Behavioral and histological characterization of unilateral cervical spinal cord contusion injury in rats

John C. Gensel, C. Amy Tovar, Frank P.T. Hamers, Rochelle J. Deibert, Michael S. Beattie, Jacqueline C. Bresnahan

Research output: Contribution to journalArticlepeer-review

192 Scopus citations

Abstract

Most experimental studies of spinal cord injury (SCI) in rats damage the thoracic cord, with the consequent functional loss being due to interruption of long tracts connecting the caudal spinal cord to the rostral nervous system. Less work has been done evaluating injury to the cervical cord, even though it is the most common level of human SCI. In addition to the long tracts, the cervical spinal cord contains the sensory and motor neurons responsible for upper extremity function. The purpose of this study was to further develop a rat model of cervical spinal cord contusion injury using a modified NYU/MASCIS weight drop device. Mild (6.25 mm) and moderate (12.5 mm) C5 unilateral injuries were produced. Behavioral recovery was examined using a grooming test, a paw preference test, a walkway test (The Catwalk), and a horizontal ladder test. Histological outcome measures included sparing at the lesion epicenter, sparing throughout the extent of the lesion, quantification of myelin loss rostral and caudal to the lesion, and motor neuron counts. Compared to controls, animals receiving SCI exhibited injury severity-specific deficits in forelimb, locomotor, and hindlimb function persisting for 6-weeks post-SCI. Histological analysis revealed ipsilateral containment of the injury, and differentiation between groups on all measures except motor neuron counts. This model has many advantages: (1) minimal animal care requirements post-SCI, (2) within subject controls, (3) functional loss involves primarily the ipsilateral forelimb, and (4) it is a behavioral and histological model for both gray and white matter damage caused by contusive SCI.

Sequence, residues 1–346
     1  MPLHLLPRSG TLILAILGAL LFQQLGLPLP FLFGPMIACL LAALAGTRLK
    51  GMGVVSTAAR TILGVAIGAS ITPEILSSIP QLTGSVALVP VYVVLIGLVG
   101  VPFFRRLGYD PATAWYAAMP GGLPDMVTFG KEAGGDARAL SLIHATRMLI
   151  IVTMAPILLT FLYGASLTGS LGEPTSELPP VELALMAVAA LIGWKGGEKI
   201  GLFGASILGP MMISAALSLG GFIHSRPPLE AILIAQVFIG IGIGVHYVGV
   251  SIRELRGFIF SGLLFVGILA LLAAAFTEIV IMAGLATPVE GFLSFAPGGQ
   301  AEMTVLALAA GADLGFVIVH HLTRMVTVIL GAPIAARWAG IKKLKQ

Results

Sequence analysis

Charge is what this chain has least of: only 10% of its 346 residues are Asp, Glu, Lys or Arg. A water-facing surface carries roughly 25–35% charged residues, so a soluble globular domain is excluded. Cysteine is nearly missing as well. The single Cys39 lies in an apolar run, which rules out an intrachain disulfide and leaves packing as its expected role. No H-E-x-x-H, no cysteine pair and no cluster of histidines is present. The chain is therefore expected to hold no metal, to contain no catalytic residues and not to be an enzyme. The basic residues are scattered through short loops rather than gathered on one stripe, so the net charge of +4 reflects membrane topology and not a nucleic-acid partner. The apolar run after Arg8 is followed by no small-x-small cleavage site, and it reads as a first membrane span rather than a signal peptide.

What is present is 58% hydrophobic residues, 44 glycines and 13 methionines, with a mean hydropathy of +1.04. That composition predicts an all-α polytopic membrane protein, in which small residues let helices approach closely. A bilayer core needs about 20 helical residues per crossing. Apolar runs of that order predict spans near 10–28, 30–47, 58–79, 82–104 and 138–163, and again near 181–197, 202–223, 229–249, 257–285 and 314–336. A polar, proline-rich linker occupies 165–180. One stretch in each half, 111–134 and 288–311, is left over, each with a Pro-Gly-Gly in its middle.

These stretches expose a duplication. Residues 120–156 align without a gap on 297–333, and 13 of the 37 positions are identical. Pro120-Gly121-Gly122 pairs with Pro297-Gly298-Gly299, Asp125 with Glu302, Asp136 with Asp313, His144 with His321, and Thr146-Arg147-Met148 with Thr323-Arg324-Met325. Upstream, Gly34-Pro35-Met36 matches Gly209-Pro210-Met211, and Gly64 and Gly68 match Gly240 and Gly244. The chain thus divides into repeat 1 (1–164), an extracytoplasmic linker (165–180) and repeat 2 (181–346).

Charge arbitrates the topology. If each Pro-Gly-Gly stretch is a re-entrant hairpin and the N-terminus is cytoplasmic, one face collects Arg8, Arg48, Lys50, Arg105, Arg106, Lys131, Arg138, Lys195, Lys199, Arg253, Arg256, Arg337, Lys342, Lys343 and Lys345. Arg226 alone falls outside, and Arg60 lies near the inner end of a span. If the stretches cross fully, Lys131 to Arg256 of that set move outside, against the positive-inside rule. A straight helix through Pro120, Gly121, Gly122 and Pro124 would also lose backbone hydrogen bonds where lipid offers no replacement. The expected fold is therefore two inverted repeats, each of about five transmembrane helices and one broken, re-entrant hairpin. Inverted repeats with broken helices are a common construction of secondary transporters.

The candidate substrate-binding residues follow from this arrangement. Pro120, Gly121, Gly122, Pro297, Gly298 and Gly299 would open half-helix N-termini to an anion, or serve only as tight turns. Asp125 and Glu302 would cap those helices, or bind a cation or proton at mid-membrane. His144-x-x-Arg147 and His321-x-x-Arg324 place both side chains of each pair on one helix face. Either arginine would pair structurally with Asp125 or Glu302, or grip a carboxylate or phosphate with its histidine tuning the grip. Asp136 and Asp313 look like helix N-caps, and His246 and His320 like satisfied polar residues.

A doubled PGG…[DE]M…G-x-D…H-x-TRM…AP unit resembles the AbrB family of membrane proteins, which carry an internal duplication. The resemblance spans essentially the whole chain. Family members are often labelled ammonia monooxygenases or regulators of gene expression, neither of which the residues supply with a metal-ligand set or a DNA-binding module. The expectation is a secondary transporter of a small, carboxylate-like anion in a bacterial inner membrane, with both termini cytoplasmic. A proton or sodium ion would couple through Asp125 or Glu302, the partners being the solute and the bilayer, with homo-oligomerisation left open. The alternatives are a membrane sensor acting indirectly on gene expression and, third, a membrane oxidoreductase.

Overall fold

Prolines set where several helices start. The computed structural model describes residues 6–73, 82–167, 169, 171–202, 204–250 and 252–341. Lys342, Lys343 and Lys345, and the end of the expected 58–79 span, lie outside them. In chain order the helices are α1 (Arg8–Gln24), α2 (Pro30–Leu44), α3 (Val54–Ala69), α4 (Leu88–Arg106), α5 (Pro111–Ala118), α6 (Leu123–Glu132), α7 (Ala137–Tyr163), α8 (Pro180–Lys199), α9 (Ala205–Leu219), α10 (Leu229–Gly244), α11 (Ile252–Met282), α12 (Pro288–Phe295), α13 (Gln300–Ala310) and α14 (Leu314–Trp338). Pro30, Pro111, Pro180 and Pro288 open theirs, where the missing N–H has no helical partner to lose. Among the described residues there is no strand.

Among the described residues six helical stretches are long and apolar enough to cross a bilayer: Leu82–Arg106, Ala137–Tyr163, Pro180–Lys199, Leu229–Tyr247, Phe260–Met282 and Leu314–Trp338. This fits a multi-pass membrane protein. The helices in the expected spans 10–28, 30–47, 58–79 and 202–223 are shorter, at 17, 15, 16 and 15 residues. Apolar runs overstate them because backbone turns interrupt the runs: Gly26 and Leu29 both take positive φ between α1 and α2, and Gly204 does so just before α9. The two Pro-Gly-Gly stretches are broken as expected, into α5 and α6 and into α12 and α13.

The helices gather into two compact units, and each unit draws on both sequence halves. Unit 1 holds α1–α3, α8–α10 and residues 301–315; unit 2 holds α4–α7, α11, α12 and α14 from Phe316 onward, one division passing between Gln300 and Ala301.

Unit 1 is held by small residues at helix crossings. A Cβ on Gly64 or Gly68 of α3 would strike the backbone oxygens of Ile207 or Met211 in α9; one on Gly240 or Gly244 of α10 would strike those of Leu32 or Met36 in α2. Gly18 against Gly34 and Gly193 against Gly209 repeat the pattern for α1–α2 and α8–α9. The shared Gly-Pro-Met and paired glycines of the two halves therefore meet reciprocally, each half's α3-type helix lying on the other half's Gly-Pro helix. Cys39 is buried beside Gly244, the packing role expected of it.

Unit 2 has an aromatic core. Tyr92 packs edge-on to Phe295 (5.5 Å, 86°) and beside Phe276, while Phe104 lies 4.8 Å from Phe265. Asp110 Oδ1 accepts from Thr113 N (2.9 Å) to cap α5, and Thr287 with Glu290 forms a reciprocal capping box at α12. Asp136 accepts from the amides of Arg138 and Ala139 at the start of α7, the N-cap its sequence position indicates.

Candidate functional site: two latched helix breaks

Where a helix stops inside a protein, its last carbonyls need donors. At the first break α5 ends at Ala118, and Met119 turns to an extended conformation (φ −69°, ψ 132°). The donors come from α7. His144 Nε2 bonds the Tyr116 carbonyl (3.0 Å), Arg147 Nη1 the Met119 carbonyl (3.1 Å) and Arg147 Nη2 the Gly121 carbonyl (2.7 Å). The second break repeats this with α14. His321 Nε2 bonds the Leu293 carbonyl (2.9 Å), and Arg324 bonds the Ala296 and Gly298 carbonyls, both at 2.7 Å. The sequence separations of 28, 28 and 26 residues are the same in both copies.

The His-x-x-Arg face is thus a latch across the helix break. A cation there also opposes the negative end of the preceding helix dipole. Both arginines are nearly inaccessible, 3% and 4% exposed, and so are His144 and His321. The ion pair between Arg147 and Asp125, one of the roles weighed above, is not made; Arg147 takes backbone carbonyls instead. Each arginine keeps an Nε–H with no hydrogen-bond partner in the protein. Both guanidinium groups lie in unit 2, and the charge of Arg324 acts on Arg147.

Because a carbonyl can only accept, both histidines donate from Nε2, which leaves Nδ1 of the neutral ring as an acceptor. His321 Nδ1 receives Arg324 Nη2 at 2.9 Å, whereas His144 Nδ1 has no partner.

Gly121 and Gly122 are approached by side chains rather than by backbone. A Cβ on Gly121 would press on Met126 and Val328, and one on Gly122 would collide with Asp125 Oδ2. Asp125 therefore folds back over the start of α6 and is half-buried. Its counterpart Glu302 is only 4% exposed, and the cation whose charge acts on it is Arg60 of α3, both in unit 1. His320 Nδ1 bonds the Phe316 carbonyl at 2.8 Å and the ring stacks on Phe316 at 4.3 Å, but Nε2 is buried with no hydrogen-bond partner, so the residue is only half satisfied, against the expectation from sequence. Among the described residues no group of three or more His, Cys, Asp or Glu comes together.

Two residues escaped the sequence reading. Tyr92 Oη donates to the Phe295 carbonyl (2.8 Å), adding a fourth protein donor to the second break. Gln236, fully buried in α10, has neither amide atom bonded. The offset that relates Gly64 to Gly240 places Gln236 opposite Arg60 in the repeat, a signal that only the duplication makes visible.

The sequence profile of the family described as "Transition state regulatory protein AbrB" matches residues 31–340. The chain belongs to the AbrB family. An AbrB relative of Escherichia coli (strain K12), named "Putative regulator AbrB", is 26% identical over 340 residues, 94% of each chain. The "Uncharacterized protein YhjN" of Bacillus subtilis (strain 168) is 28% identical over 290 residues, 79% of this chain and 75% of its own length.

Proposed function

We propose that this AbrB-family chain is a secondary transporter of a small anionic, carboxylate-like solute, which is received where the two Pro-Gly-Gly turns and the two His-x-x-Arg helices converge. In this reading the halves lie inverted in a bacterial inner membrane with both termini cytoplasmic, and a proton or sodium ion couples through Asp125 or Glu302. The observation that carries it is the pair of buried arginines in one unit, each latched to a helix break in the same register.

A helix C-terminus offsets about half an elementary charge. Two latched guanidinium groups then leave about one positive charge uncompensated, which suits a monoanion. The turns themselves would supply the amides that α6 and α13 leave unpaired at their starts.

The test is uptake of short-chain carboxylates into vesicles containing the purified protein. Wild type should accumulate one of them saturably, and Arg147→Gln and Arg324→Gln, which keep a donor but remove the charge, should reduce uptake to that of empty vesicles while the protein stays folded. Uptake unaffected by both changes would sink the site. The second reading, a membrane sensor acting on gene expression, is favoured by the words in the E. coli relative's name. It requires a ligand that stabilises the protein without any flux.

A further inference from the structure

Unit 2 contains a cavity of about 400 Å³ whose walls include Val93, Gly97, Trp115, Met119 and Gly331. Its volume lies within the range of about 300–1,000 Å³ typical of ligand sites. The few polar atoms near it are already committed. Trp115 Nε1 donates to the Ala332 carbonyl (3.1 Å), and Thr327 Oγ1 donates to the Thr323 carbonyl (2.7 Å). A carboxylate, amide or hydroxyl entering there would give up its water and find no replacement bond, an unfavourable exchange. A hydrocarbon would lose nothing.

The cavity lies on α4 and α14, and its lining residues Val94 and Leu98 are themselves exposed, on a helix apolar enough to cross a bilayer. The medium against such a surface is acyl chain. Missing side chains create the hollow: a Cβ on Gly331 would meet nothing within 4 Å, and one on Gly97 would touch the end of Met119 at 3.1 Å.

Original languageEnglish
Pages (from-to)36-54
Number of pages19
JournalJournal of Neurotrauma
Volume23
Issue number1
DOIs
StatePublished - Jan 2006

Keywords

  • Forelimb
  • Gray matter
  • Grooming
  • Horizontal ladder
  • Model
  • Motor neuron
  • Spinal cord injury

ASJC Scopus subject areas

  • Clinical Neurology

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